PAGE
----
Select one of the keywords
Thornspell    by Helen Lowe order for
by Helen Lowe
Order:  USA  Can
Knopf, 2008 (2008)
Hardcover, e-Book

Read an Excerpt

* * *   Reviewed by Hilary Williamson

Have you ever wondered about the prince in Sleeping Beauty? Aside from the kiss, he doesn't get much time in the spotlight in the original fairytale. Helen Lowe makes up for that lack in Thornspell, which is essentially his story.

Prince Sigismund's family is reputed to be cursed, as few members live to reach their majority - his own mother was poisoned when he was young. With his father long gone, handling unrest in the south of the kingdom, Sigismund grows up at the West Castle, surrounded by a small retinue, wondering what it would be like to encounter dragons and go on a Grail quest. From his tower refuge he can see the nearby Wood, interdicted long ago by his great-grandfather.

After the dreams begin, Sigismund has his first encounter with the evil faie who calls herself the Margravine zu Malvolin, and also with a ragged, barefoot village girl named Rue (though no-one else seems able to see her). He's helped by a good faie, Syrica, who recounts a story of a princess (her goddaughter) 'cursed at her naming ceremony' and of a great hedge of thorns that grew around a palace sleeping for a hundred years.

Hearing of the misadventure with the Margravine, the absent king summons Balisan from the Paladinates to guard and teach his son. Sigismund continues to have adventures, both magical and mundane, slowly realizing that he is the one destined to rescue the sleeping princess and that powerful forces are ranged against him. The death of a friend grieves him but also increases his resolve to fight the Margravine, who has been responsible for the realm's unrest.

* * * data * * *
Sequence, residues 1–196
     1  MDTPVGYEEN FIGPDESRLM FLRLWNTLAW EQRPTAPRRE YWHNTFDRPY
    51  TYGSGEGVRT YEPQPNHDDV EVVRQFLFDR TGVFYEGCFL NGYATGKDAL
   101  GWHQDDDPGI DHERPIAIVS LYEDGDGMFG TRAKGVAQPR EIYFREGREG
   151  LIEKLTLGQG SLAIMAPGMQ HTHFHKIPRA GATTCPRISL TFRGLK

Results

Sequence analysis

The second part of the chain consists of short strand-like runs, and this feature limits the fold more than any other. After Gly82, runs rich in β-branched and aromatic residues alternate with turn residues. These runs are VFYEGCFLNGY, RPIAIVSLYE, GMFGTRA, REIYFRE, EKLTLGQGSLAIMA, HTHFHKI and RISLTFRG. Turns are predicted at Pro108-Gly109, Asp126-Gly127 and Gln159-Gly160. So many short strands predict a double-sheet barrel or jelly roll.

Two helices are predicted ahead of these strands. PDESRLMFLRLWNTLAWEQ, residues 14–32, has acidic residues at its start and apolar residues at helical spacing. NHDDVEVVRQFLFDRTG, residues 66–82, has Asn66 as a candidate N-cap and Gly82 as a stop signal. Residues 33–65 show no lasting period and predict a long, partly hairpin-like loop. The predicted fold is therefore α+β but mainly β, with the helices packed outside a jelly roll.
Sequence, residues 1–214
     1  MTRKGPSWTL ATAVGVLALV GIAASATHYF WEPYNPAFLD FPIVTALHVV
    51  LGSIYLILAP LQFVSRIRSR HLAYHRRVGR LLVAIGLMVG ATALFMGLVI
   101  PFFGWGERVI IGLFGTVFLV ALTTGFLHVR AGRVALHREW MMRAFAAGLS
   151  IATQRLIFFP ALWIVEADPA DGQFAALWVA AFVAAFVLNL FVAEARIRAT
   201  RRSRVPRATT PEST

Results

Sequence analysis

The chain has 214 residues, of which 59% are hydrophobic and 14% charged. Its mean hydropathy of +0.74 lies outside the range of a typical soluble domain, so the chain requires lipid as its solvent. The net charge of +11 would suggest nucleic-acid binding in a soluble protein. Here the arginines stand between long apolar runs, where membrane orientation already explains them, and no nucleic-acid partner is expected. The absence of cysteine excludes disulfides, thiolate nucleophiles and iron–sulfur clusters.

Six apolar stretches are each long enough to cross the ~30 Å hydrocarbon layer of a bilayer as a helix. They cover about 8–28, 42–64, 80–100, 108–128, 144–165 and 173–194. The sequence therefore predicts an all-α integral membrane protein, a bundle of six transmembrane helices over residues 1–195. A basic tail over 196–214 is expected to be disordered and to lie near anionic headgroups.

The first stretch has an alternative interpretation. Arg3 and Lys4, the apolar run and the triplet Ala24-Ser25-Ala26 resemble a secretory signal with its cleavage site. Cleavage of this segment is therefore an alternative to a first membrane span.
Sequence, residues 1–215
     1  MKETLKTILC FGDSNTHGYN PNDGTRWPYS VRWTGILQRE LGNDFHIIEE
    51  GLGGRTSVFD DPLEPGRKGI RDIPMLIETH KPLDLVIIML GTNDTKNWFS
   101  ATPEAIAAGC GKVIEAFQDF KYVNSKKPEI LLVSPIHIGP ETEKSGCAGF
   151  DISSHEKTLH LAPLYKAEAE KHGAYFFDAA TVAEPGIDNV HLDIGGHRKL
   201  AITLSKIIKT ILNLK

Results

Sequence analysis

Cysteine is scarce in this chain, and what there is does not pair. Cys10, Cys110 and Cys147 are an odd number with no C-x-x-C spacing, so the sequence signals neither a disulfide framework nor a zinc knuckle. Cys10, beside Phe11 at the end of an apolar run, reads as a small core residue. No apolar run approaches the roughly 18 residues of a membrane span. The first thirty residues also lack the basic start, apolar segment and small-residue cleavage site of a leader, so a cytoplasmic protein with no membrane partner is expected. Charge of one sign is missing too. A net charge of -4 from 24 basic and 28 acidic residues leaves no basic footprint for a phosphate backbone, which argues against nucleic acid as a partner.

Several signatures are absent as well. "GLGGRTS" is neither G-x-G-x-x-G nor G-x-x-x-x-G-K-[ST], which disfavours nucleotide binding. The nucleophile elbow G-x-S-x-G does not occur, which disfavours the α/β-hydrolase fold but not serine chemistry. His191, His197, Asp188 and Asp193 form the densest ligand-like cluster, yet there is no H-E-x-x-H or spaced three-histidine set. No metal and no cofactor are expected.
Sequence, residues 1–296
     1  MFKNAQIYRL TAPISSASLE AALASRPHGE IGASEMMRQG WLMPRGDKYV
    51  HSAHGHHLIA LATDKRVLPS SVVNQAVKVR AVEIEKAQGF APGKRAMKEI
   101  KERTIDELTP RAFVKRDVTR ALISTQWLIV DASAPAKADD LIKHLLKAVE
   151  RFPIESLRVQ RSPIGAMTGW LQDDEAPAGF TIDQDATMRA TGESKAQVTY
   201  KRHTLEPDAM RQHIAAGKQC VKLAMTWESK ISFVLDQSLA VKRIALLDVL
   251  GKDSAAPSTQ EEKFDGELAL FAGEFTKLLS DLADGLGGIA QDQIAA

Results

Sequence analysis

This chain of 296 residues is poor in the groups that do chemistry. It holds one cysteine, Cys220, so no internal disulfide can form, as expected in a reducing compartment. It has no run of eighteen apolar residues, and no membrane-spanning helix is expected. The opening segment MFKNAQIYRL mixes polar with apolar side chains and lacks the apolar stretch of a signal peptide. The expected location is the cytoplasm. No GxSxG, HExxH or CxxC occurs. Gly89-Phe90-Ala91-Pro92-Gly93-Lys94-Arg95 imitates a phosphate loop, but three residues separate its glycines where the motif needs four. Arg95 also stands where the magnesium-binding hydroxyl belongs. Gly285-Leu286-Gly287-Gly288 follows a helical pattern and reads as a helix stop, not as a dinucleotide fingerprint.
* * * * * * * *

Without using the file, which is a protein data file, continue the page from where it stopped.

Sigismund learns to see and exploit lines of power, and to move between his own world and other dimensions (in which time flows differently). He's trapped by the Margravine, but escapes by calling on his own resources, along with a little help from a friend. The prince comes of age when he opposes his stern father to do what he knows is right and save the people he cares about. He wins a sword and ultimately wins the day.

I highly recommend Thornspell as an excellent retelling of Sleeping Beauty, that enriches the original by developing the characters (rather two dimensional and passive in the fairytale) of both the legendary prince and the princess.

Note: Opinions expressed in reviews and articles on this site are those of the author(s) and not necessarily those of BookLoons.

Find more Teens books on our Shelves or in our book Reviews